Themes in Young Adult Literature: School Life

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Last Updated on January 12, 2022, by eNotes Editorial. Word Count: 2545

Titles Discussed

The Disreputable History of Frankie Landau-Banks by E. Lockhart

Avalon High by Meg Cabot

Stargirl by Jerry Spinelli

Thematic Overview

It makes sense that school life would play a central role in literature for young adults, given that the bulk of their social life takes place during the...

(The entire section contains 2545 words.)

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Titles Discussed

The Disreputable History of Frankie Landau-Banks by E. Lockhart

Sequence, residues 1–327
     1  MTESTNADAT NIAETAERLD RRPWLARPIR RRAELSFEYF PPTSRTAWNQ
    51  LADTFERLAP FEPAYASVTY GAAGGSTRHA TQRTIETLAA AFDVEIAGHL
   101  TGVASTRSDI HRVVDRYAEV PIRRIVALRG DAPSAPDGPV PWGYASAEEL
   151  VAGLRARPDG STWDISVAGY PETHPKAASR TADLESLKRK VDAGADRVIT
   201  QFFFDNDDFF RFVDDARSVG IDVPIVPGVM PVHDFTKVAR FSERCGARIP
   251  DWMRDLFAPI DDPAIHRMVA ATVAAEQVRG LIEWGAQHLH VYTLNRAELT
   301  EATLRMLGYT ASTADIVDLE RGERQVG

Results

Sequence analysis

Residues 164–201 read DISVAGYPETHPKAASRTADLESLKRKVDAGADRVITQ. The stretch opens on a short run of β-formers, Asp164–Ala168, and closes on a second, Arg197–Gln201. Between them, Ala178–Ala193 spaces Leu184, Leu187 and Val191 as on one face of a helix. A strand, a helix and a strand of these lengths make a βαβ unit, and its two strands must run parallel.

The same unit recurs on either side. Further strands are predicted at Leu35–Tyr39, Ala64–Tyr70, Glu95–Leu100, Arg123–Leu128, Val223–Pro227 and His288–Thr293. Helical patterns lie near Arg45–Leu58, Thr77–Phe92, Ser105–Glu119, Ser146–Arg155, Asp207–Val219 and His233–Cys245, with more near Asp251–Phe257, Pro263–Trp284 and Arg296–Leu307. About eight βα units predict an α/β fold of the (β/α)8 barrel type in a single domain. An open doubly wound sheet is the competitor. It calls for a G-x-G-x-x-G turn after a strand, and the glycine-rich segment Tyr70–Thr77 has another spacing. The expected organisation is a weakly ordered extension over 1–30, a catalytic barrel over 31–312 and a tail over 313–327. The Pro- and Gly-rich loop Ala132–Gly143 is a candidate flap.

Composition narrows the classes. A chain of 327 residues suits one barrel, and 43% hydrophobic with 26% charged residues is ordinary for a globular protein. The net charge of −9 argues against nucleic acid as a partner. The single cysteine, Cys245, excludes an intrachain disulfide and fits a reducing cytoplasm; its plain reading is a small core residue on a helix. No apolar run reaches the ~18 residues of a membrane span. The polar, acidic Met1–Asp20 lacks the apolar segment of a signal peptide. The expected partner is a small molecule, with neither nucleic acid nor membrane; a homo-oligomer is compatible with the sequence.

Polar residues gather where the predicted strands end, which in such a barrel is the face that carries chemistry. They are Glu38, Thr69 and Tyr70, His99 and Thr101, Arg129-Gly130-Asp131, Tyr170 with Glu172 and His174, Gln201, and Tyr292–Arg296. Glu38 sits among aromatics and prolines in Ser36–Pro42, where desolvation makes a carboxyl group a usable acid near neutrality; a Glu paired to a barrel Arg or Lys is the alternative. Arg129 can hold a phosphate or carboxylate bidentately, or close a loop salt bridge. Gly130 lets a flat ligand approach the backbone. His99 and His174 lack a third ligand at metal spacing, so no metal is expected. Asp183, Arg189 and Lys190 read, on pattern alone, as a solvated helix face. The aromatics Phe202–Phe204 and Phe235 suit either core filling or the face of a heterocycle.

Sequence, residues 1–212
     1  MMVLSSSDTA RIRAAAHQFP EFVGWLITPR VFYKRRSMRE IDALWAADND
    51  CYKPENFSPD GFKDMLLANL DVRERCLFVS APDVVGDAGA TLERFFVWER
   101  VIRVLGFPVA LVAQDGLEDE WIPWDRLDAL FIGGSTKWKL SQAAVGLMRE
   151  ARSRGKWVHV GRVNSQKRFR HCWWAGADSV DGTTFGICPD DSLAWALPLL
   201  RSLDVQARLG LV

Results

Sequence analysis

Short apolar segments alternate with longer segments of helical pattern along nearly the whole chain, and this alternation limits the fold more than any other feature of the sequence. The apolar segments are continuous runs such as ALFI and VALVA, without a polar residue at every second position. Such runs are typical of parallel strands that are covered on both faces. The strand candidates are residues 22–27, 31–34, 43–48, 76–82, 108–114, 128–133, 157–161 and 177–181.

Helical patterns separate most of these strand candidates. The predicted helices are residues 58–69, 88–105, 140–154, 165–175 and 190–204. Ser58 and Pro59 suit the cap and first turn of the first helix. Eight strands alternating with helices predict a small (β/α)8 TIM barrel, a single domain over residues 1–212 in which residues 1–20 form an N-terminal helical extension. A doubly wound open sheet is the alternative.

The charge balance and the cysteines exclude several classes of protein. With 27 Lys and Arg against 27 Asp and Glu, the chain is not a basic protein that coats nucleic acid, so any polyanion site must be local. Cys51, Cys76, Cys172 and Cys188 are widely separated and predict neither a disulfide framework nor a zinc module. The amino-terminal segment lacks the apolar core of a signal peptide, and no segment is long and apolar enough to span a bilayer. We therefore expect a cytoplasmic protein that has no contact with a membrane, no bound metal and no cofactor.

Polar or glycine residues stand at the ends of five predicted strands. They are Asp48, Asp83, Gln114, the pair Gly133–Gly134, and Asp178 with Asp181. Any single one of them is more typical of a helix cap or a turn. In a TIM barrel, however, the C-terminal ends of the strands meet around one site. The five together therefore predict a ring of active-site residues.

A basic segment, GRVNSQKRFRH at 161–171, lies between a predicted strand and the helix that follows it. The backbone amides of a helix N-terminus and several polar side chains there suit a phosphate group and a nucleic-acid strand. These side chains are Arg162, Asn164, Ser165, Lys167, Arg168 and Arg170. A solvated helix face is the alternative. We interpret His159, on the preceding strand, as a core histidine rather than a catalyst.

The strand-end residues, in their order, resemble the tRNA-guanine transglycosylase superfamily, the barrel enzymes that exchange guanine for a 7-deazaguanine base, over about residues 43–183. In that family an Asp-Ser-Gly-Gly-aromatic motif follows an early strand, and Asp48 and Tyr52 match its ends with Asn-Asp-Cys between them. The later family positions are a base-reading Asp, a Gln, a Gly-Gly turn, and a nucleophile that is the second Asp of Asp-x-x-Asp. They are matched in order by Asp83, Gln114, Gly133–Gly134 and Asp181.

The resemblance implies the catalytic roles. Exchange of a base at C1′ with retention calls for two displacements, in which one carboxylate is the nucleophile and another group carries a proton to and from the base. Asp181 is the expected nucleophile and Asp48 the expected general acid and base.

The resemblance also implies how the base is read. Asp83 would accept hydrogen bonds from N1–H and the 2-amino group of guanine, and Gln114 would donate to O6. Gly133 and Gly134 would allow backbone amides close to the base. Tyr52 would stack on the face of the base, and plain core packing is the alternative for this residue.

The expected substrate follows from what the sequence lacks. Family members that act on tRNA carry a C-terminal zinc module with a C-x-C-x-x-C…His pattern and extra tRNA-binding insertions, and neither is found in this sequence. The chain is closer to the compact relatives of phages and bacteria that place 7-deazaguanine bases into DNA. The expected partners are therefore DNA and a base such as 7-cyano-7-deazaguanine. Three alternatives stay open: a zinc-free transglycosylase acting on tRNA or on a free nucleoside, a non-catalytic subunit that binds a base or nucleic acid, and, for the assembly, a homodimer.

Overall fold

Avalon High by Meg Cabot

Stargirl by Jerry Spinelli

Thematic Overview

It makes sense that school life would play a central role in literature for young adults, given that the bulk of their social life takes place during the school day. The things that happen in school matter deeply to the teens involved.

There are several aspects to the theme of school life. Social groups and peer pressure are one such aspect. To be in the right group may not be as important as not being in the wrong group, but being in no group is almost worse. The way the “right” and “wrong” groups manifest may vary from school to school, however.

Coursework and academic pressure are another major aspect of school life. At some high schools, it is routine to take a number of advanced-placement classes in preparation for college. Other high schools do not have that expectation of their students. The more demanding the curriculum, the more academic pressure there is. Dealing with that pressure can take up a lot of a student's time and energy, and it is often the case that young adults have limited free time and must choose their activities carefully.